Baby feeding from a bottleIt's getting to be the time of year when young goblins rule the streets, but some everyday items may include more trick than treat. While officials this fall are on the lookout for stores stocking candy laced with the harmful chemical melamine, yard-sale shoppers might be wise to be wary of plastic sippy cups, regardless of festive pumpkin decor. Here's why, along with a short outline of the plastics controversy in recent months.

Last Friday, attorneys general from New Jersey, Delaware and Connecticut wrote manufacturers requesting that they refrain from using a certain plastic, bisphenol A (BPA), in baby bottles and formula containers, reported the Associated Press. Aside from citing concern about BPA's risk to infants, the attorneys general referenced a preliminary study in a September Journal of the American Medical Association article linking high BPA levels in adults to heart disease and diabetes.

In contrast, the U.S. Food and Drug Administration declared in August and again in September that adults and babies face no threat from plastic products with BPA. About 93% of adults tested in a national CDC survey showed traces of BPA in their urine.Despite the FDA's stance, another U.S. government body, the National Toxicology Program (NTP), reported in September "some concern" about fetuses', infants' and children's exposure to BPA, according to USA Today. "Some concern" falls in the middle of a five-point ranking of adverse effects considered by the NTP, which has no regulatory power. While in April it rated BPA of "some concern" for accelerating girls' puberty, by September the NTP downgraded this risk to a "minimal concern," and found only "minimal" or "negligible concern" about BPA in adults.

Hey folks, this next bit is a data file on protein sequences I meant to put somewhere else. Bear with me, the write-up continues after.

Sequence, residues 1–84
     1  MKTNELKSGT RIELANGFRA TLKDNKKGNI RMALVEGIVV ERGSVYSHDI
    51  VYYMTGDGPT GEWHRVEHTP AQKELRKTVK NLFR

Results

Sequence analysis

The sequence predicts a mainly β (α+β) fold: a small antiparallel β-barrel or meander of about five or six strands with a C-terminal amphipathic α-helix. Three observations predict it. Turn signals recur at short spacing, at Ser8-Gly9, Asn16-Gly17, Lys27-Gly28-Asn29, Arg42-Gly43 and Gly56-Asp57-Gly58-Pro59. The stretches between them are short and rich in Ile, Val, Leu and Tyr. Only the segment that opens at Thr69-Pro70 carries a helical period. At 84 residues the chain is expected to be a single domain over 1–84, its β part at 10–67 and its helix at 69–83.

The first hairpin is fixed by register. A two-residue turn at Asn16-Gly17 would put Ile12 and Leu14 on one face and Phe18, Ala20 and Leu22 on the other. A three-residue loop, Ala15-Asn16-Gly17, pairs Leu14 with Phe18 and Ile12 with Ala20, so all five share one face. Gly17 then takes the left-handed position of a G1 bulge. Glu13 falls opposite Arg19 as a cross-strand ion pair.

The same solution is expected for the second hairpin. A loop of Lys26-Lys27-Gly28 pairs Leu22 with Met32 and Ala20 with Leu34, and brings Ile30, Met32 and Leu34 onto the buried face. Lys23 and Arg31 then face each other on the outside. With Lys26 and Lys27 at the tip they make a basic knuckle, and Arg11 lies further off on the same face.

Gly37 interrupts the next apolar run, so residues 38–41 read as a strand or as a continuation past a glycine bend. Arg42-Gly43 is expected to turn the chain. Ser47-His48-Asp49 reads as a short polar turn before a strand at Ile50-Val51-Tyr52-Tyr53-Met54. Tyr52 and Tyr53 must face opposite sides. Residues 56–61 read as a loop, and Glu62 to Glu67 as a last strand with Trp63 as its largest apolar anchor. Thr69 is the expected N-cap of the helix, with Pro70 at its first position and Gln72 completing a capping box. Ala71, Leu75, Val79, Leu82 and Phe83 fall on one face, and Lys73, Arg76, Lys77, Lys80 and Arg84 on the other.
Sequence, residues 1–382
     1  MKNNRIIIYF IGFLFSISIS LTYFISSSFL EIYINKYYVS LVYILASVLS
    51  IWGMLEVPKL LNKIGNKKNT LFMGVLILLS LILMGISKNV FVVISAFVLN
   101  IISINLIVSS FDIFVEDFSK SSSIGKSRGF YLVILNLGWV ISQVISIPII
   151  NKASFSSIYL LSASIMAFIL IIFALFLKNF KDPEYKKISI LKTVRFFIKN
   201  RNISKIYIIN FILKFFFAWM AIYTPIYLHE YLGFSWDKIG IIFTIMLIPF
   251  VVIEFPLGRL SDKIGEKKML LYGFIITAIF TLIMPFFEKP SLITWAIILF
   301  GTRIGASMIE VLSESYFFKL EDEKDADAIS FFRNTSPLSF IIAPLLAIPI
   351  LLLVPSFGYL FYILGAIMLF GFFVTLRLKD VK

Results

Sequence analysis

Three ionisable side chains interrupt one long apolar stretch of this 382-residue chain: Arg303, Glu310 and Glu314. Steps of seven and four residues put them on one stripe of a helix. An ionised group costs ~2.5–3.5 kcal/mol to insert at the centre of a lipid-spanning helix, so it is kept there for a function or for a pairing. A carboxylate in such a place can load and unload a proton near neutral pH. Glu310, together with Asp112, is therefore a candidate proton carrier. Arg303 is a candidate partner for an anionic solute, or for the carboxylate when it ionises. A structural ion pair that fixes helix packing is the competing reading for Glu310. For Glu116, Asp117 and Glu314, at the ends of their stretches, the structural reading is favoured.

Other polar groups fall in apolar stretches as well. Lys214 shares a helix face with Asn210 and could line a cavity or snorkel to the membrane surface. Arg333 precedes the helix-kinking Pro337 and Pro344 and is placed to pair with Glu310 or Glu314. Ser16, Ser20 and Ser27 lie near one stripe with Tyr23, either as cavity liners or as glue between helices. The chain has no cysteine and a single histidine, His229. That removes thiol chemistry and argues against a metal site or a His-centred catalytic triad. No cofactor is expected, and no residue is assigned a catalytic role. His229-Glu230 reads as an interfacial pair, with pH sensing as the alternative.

Meanwhile, a few retailers intend to voluntarily strip their stores of baby bottles embedded with BPA, Canada plans to prohibit them, and some consumers may proactively seek alternatives.

A September article in Natural Solutions, "A Clear and Plastic Danger," reviewed years of research, by scientists like neurobiologist Frederick S. vom Saal, suggesting that endocrine disruption in humans could be triggered by intake of BPA -- created as a synthetic estrogen and now tapped to make plastics look clear -- as well as phthalates.

Used in polyvinyl chloride plastics for pliability, phtalates are banned by the European Union for the composition of toys. "Once inside us, endocrine disrupters interfere with normal hormonal processes," author Alan Reder wrote. BPA is detected in, and leaches from, "the linings of canned foods and soft drinks, including canned infant formula; clear plastic baby bottles and sippy cups; refillable water bottles; food storage containers; and dental sealants [and] composite dental fillings."

Natural Solutions' advice: Don't drink from or keep food in plastic-ware made of BPA or phthalates; avoid heating such plastic in the dishwasher or microwave; reduce consumption of canned foods; check the ingredients in toys and cosmetics.

Expect more studies -- and news, as bills to ban plastics and class actions make their way through U.S. legislatures and courts. For advanced reading, check out The Plastic World, the October special section of Environmental Research, edited in part by vom Saal.

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